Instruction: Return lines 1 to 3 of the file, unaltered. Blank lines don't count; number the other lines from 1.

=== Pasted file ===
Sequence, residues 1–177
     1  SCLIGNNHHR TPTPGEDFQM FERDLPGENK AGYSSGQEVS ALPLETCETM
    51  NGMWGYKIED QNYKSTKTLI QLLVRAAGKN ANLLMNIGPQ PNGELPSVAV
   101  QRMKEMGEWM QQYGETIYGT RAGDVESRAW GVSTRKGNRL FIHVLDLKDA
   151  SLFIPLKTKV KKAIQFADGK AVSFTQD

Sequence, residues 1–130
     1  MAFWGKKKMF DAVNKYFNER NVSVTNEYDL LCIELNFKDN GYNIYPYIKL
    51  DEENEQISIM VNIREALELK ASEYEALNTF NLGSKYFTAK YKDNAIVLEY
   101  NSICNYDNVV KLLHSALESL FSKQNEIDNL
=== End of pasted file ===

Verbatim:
Sequence, residues 1–177
     1  SCLIGNNHHR TPTPGEDFQM FERDLPGENK AGYSSGQEVS ALPLETCETM
    51  NGMWGYKIED QNYKSTKTLI QLLVRAAGKN ANLLMNIGPQ PNGELPSVAV